England 2018 & 2022: Let’s Not Get Ahead Of Ourselves

England’s World Cup bid for 2018/2022 certainly looks impressive on the surface – but is it impressive enough? The other countries in the running also have a good pedigree, with England’s bid, in the opinion of some experts, destined to lose out.

The bid itself probably cannot be faulted – the launch saw international superstar and former national team skipper David Beckham pledging his support, with Wayne Rooney, who is tipped as an England captain of the future, not too far behind. Whether Gordon Brown’s support helps or hinders the appearance of the bid is more of a discussion for the politically-minded among us, but David Cameron and Nick Clegg also leant their voices in favour of England holding the worldwide spectacle once more. This came in addition to royal approval, with Prince William also putting his weight behind the 2018 campaign.

David Beckham helps launch England's 2018 World Cup bid

The Beckham factor: Will the influence of Goldenballs and other notable personalities help the bid?

The infrastructure is also almost totally in place. The new Wembley is available for opening and final games, although lingering concerns about the quality of the pitch does not help. There is Old Trafford, The Emirates Stadium, Stamford Bridge, Villa Park, St James’ Park, and a few more stadiums which are capable of holding tens of thousands of fans. There are also the new stadiums which will be finished in time for the 2018 tournament – Liverpool and Everton’s new grounds for example, while Bristol City’s new stadium is hotly tipped to be the only stadium in the South West to stage games if football does indeed come home again in 2018.

Wembley Stadium

Wembley Stadium: The jewel in the bid’s crown?
Then there’s the allure of England itself. We’ve got some of the most well-attended divisions in the world in the Coca Cola Football League, and, of course, we have the Barclays Premier League, arguably the best league in the world. It received millions of television viewers from across the world during every week of each season, and the number is ever-growing. You could probably find Manchester United and Liverpool fans in Timbuktu and the South Pole if you looked.

And it’s not just the fans – the best players in the world all want to play in England. Well, except Cristiano Ronaldo who is still reportedly trying to secure a transfer to the fading giant of Real Madrid. If we forget the mercurial Portuguese winger for a second, then the talent wanting to stay and wanting to come to England is undoubtedly immense. Liverpool have Fernando Torres, arguably the best striker in the world today, Chelsea have Didier Drogba, Manchester City have Robinho. And Hull has Jimmy Bullard.

All joking aside, Bullard, as an Englishmen, helps to represent another facet of England’s footballing pedigree – homegrown talent. Despite all the recurrent concerns over our sides failing to breed the England internationals of the future, no sensible observer would suggest that the other top clubs around Europe would not try to sign John Terry, Wayne Rooney, Steven Gerrard and Rio Ferdinand if they thought they had a chance of prising them away from their Premiership sides?

This all paints a mouth-watering picture, but it is far from a given that we will get the nod when FIFA decide who will receive the 2018 World Cup and 2022 tournament.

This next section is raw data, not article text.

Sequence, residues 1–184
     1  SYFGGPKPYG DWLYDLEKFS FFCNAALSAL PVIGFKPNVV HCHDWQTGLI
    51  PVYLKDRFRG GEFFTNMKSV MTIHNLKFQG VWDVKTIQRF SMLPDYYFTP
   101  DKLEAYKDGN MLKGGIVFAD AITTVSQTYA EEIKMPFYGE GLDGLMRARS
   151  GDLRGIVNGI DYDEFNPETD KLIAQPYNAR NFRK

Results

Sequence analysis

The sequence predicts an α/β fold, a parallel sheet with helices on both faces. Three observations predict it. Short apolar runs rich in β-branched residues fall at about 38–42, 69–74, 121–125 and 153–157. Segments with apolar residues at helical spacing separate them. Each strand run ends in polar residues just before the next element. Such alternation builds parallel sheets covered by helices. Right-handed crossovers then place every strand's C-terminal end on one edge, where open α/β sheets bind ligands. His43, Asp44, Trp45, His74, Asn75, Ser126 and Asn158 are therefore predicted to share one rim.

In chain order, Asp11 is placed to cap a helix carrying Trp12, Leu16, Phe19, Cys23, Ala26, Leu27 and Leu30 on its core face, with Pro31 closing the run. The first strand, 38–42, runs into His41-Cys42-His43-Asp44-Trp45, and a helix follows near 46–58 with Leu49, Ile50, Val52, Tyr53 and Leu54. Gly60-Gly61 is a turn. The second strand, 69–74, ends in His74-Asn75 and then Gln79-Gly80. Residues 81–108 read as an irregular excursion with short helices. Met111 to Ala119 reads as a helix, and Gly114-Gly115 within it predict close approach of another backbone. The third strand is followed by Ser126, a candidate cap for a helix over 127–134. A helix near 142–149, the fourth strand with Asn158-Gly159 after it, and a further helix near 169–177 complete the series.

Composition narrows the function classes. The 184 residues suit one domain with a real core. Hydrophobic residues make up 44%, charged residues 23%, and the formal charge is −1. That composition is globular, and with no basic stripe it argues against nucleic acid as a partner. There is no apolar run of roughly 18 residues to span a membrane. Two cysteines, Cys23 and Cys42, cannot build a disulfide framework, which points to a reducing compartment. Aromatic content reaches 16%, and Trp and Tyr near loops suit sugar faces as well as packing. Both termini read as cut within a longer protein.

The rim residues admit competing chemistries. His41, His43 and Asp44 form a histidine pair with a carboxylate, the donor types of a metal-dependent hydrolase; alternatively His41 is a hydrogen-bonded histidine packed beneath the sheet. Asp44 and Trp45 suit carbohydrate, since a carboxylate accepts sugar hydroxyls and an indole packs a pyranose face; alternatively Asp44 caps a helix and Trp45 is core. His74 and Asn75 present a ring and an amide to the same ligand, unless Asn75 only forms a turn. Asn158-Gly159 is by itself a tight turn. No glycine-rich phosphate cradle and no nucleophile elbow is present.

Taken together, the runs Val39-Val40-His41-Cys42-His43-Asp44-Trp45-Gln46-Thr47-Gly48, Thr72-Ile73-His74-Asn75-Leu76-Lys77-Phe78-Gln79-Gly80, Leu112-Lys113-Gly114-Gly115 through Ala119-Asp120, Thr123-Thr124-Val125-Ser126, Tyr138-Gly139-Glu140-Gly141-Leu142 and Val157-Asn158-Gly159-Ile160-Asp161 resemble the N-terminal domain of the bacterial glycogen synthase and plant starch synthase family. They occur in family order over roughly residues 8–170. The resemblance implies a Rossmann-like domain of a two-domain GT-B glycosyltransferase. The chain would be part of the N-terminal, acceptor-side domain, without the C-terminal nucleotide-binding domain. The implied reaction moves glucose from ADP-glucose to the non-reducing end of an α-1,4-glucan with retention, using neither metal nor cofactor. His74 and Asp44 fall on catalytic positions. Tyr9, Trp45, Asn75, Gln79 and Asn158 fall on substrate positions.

We arguably have the best league in the world. Then again, Spain’s is not bad either with La Liga now the home of the European Champions Barcelona, who played our best side off the park in Rome just last week.

We have a wealth of large stadiums more than capable of holding a World Cup in the 21st century. Then again the USA have even bigger stadiums, with their network of college sports providing another list of stadiums which could hold the whole of a small Welsh town in them.

We have shown that we can hold a tournament in Euro 1996, and we have the Olympics in London in 2012. South Korea held a successful World Cup along with Japan in 2002, though, so could very feasibly do it again.

Perhaps one could say: “We haven’t had a World Cup since 1966, so it’s about time for it to come to our shores again, surely?” Not necessarily. Perhaps FIFA will continue in the same vein as they did with Japan and Korea and with South Africa and allow a smaller nation to hold it. Qatar’s bid could be a bit of a darkhorse in this respect, and should not be overlooked.

I do not want to put a downer on things, but the England bid’s chances do appear slimmer when considering all of that, don’t they? But England more than stands up with its competitors in all the respects listed above.

None of that will matter though, according to the Daily Star, which has suggested that the English bid may fall short of success.

The tabloid cited veteran FIFA observer Andrew Jennings, who suggested that England will struggle to get the 12 votes they need from the FIFA delegates in order to win. The paper adds that the FA’s main rival is the infamous Jack Warner, delegate for North and Central America and the Caribbean, who already has a number of votes apparently ‘sewn up.’
England’s bid has gained unofficial support from such figures as Franz Beckenbauer in past months, but none of it matters to the FIFA suits according to Jennings.

He told the Star, “Their attitude is ‘Beckham had better be there – and on time too. It doesn’t impress them.”

One hopes that this cynical outlook will not play out in real-life. But it shows that all the football fans in England wishing for World Cup football in 9 or 13 years’ time, should not pop open any champagne yet.

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